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Content and interaction –How to become design BFFs

Posted by: and , Posted on: - Categories: collaboration, Content, Content design, Interaction Designer

Content design is a collaborative discipline, so when you’re the only content designer in your digital team, it can be lonely. You don’t have that content buddy to bounce ideas off, get a second pair of eyes on your work and have someone to back you up with content decisions. 

You need to rely on your digital teammates who happen to be usability experts – and there’s none better than the interaction designer.

Agree on how you’ll collaborate

Sheida: From the start, there needs to be an agreement on the problem we’re trying to solve, the approach we’re going to use that will solve this problem, and a plan of action. Setting up a ‘ways of working’ session is a great way to decide how you’re going to collaborate as a team and who’s involved at each stage. The key here is to collaborate early and often.

Rob: It’s important in both content and interaction design to have moments where you are able to think through a problem. You sketch out ideas and contemplate how you might design a suitable solution – or stare at a problem statement for an hour or two. Add both design professions into the mixing pot, whether that’s in a collaborative workshop session or in a joint Miro or Figma board, and that’s when you really see designs come to life.

Understand how the team works and each other’s responsibilities

Sheida: Although our disciplines are different, our work can be seamless. We should be open and truthful about how we like to work and who’s doing what. I like to get interaction designers involved in the writing process so it encourages collaboration and allows them to see the workload involved in content design – hoping they’ll do the same for me.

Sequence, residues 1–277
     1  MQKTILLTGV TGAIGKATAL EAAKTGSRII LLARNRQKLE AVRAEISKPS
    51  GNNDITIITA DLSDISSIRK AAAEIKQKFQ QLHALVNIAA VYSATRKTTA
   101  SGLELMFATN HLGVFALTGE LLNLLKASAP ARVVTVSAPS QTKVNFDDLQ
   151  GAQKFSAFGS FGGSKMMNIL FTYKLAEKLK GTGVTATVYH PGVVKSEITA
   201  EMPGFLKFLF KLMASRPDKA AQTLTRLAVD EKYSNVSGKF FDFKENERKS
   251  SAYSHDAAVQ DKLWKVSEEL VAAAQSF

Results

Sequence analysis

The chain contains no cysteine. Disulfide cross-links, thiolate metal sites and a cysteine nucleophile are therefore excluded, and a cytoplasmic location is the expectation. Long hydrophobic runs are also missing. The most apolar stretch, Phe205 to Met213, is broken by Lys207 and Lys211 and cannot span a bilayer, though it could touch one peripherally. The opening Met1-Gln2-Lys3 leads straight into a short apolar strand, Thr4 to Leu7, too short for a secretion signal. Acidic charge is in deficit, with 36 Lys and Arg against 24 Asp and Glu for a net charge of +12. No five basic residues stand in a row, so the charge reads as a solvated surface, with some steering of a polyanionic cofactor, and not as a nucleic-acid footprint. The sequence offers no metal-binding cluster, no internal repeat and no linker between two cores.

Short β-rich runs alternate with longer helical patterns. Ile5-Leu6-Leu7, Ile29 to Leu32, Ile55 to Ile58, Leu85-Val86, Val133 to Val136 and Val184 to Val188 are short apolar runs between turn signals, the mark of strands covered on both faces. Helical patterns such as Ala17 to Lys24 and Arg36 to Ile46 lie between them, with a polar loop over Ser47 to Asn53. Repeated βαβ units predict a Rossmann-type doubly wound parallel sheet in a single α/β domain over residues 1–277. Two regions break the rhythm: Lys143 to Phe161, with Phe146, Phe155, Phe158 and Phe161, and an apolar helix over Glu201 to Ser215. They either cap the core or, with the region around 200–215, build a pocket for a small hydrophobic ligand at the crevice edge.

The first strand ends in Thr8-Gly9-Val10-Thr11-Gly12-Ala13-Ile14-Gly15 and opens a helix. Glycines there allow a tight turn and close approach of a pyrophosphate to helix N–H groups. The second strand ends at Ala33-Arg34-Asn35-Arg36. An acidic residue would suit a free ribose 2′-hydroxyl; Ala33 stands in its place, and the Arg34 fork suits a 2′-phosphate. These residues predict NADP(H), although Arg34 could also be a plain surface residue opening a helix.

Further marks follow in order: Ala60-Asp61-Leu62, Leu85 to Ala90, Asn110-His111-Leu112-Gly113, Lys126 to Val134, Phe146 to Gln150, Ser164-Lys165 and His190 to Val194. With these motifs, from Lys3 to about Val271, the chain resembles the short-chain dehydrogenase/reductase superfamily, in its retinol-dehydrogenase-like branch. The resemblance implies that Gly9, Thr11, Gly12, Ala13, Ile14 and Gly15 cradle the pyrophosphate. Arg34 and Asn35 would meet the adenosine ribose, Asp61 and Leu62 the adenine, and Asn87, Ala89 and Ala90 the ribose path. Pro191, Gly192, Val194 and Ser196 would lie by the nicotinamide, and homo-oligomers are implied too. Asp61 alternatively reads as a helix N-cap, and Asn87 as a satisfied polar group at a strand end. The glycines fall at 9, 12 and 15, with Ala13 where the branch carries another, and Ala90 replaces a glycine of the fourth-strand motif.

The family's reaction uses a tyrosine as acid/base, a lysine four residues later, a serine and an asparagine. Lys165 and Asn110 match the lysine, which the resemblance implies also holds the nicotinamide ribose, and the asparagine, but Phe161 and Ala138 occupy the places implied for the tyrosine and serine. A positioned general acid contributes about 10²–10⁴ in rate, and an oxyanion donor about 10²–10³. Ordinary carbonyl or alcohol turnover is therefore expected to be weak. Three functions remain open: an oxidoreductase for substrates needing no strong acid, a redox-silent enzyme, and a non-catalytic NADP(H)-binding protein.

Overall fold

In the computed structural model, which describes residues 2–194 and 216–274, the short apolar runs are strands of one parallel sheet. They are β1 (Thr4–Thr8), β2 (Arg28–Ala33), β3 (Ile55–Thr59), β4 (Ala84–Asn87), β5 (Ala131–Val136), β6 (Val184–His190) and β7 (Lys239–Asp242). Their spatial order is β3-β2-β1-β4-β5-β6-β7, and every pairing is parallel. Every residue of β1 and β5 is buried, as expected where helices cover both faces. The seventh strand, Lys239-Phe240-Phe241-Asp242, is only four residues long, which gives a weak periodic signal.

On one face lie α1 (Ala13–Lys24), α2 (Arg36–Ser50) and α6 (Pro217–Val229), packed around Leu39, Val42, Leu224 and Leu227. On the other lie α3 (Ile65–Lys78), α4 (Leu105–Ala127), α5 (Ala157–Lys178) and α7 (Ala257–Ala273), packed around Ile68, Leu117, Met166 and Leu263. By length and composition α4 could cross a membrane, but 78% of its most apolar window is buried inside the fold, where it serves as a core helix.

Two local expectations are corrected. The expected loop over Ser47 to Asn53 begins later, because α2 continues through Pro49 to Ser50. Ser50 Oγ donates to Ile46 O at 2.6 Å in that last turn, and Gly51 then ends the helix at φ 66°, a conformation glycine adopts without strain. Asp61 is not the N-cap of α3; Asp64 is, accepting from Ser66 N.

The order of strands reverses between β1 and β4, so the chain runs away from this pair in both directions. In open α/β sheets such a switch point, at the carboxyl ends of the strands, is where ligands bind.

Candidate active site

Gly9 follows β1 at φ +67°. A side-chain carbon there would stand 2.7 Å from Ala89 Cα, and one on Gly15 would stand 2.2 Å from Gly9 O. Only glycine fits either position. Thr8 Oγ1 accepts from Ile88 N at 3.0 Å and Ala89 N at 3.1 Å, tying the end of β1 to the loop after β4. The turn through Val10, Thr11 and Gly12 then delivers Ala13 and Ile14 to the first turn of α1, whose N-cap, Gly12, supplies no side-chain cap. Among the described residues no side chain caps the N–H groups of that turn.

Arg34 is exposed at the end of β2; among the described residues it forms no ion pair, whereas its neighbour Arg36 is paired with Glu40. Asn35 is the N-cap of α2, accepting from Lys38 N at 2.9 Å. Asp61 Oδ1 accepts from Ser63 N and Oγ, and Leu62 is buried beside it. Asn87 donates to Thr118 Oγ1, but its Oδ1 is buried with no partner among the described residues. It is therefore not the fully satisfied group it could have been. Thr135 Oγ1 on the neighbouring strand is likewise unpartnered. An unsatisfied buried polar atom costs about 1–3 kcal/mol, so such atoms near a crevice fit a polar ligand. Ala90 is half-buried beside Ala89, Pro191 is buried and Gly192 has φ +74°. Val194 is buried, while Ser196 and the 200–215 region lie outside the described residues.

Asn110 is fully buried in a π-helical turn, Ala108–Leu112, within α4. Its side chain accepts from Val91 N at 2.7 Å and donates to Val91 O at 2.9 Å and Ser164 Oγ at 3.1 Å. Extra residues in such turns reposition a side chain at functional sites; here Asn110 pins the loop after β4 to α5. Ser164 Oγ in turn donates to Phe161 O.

Rob: I don’t think there is ever a day working in a multidisciplinary team that I’m not in contact with the content designer on my team. Knowing each other’s boundaries and working habits allows us to solve problems in these challenging times of remote working and juggling life commitments. 

It’s also important to understand the extent of each designer’s knowledge when co-designing. I wouldn’t always expect a content designer to know how to write code, but that should never be an assumption of mine that they don’t. It's important to ensure that you are using the most appropriate application that you and your BFF design fellow can work most efficiently in.

Pairwork makes the team work

Sheida: As a content designer, you want to avoid a round of ‘copy Tetris’ where the designs have already been built and you have to try and fit the content at the end. We make prototypes as a team. There will be moments where you’ll need to split off and work independently, but always give a full debrief of what you’ve been working on so there’s complete transparency and understanding of your decisions. 

Rob: One of the absolute joys working with my content BFF on the Refer and monitor an intervention service when it comes to pairwork is that there are no egos. The nature of our work always ensures that we are designing as much as possible with the voice of the user. I feel comfortable enough to question content design decisions and I feel that my content BFF can do the same with interaction design decisions.

Be open and honest

Sheida: Always give feedback that’s constructive and kind. I found that talking every day instead of sitting on a question allows you to develop a deeper relationship more quickly. Consider weekly user centered design catch-ups to be kept in the loop with all design thinking and a safe space to give each other feedback.

Rob: It’s so important every design discipline has a seat at the delivery table. Whether it’s working on a small component, a larger complex flow or getting the language of a button or link right – designers aren’t always needed at every single stage of a design process. It doesn’t mean that they shouldn’t be included. It’s that inclusion that makes us better collaborators. 

The relationships you build with your multidisciplinary teammates is crucial to the success of your project. When we respect each other’s area of expertise and make an effort to collaborate, we’re on our way to creating the best experience possible for our users. Dream team, assemble!

Shoutout to Senior Interaction Designer at GDS, Vicky Teinaki for the blog title idea! 

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  1. Comment by Ming posted on

    Thanks for the sharing and happy to see the project works out well 🙂Good job Sheida and Rob

  2. Comment by James Green posted on

    About to kick off a Beta with an interaction designer, using this blog as inspiration 🙂 thanks Sheida and Rob


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